Are They Really Turning The Frogs Gay?

Perhaps you have seen the infamous video of Alex Jones yelling "They're turning the frogs gay!" He also suggested that the government is putting the thing that makes frogs gay into juice boxes for children. is this true? Well yes and also no. Let's back up.

Atrazine is a common pesticide used to prevent certain weeds from growing. The Syngenta company created Altrazin in 1958. It is a man-made herbicide. It is a chlorotriazine herbicide, which is a chlorine derivative of triazine. The way it works is by interfering with the photosynthesis in some plants and will cause certain plants to dry out and die. It is mainly used as a preventative so that when the roots of the weeds start to grow it absorbs the chemical and kills it before it has a chance to grow. Atrazine is the active ingredient in about 30 different herbicides.

Atrazine is most commonly used for corn production but also is used on sorghum, sugarcane, wheat, macadamia nuts, and guava. It is also used in other areas not related to growing food like railway lines and highway mediums. The University of Hertfordshire has a catalog of pesticides and lists information on each of them. It is listed as "high alert" for human health citing it as an endocrine disruptor. An endocrine disruptor is something that can cause adverse effects on your endocrine system. This can cause reproductive issues, tumors, birth defects, and developmental disorders. Atrazine has been banned in the European Union but continued to be used in America.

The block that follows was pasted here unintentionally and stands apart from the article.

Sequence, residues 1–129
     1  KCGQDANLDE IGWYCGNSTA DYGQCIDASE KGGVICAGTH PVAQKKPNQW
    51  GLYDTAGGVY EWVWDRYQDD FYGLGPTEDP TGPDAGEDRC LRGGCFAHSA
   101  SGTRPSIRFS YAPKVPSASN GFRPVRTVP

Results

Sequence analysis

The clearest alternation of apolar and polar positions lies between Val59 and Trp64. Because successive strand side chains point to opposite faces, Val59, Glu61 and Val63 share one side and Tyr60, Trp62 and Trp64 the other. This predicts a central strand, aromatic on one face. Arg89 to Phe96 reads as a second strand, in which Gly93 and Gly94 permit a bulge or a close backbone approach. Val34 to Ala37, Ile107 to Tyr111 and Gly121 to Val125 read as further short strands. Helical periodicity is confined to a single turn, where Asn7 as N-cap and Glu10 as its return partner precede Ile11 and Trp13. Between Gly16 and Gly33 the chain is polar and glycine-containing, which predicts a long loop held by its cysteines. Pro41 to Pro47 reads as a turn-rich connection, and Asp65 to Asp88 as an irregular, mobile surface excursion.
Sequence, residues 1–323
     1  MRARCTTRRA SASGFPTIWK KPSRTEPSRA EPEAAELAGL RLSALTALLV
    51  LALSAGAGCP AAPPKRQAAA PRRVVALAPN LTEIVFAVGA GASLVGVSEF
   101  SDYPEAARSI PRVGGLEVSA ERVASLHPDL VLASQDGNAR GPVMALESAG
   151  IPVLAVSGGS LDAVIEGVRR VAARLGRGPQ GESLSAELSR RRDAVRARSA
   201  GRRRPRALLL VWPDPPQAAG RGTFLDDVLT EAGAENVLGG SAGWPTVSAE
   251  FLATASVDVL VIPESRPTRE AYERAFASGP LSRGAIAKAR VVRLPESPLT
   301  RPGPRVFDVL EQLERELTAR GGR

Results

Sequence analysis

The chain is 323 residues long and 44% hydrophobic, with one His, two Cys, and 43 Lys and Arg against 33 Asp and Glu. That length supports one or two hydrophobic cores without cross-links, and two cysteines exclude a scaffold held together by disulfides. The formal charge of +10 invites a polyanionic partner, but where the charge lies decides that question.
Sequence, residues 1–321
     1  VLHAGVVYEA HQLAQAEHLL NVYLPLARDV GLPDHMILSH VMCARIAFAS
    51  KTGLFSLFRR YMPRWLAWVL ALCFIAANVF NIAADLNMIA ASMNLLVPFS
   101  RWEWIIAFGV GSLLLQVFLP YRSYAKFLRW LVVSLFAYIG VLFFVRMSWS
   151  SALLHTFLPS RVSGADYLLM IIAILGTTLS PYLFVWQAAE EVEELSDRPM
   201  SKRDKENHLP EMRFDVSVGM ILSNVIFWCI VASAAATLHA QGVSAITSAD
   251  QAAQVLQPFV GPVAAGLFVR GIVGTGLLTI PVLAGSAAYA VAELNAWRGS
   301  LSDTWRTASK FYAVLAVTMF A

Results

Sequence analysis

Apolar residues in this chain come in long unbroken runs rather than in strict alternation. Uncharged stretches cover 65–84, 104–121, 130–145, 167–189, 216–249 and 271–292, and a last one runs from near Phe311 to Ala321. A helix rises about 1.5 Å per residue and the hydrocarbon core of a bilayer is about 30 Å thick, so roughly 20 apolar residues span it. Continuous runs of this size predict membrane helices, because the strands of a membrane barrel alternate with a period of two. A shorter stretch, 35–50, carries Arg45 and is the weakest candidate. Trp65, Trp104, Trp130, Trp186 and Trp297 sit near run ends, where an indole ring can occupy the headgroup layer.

Seems pretty bad, doesn't it? Well, when someone tried to speak out against they were harassed by the company that created it. In 1997 Dr. Hayes was assigned to study the effects of atrazine on aquatic life. He did not think it would be fruitful in any way he even said his hypothesis was that nothing would happen. Unfortunately, he was wrong. He found that the herbicide was interfering with the frog's sexual development. He repeated his studies in 2000 and came to the same results. In 2001 a meeting between Dr. Hayes and Syngenta, Syngenta brought in a statistical consultant to discredit all of his work. Quotes from other scientists there said they were surprised because they have seen the findings and it seemed that the statistical consultant had it out dr. Hayes.

In 2002 the EPA visited Dr. Hayes' lab and reviewed his data. Later a company that is run by a consultant and lobbyist for Syngenta petitioned the EPA to ignore his findings. They complied and said that hormone disruption was not a good enough reason to restrict the use. The reason was he had killed lots of frogs for tests that have no value.

In 2003 Dr. Hayes was considered for a job at Duke University. So much so that the university even scheduled a real estate agent to show him and his wife houses to purchase for their move. That was until Syngenta's vice president of global risk contacted Duke and informed them of their relationship. He did not get the job. The same year he paid his way into a hearing with the EPA. He and other scientists presented studies along with Syngenta. All of Syngenta's studies showed no risk to the frog's sexual development and all of the independent scientists showed the opposite. The conclusion was that all the studies were flawed so the EPA asked Syngenta to fund more experiments. A member of the EPA's panel said that she felt it was the wrong decision because all of the studies funded by Syngenta were flawed and the ones from independent labs were more respectable.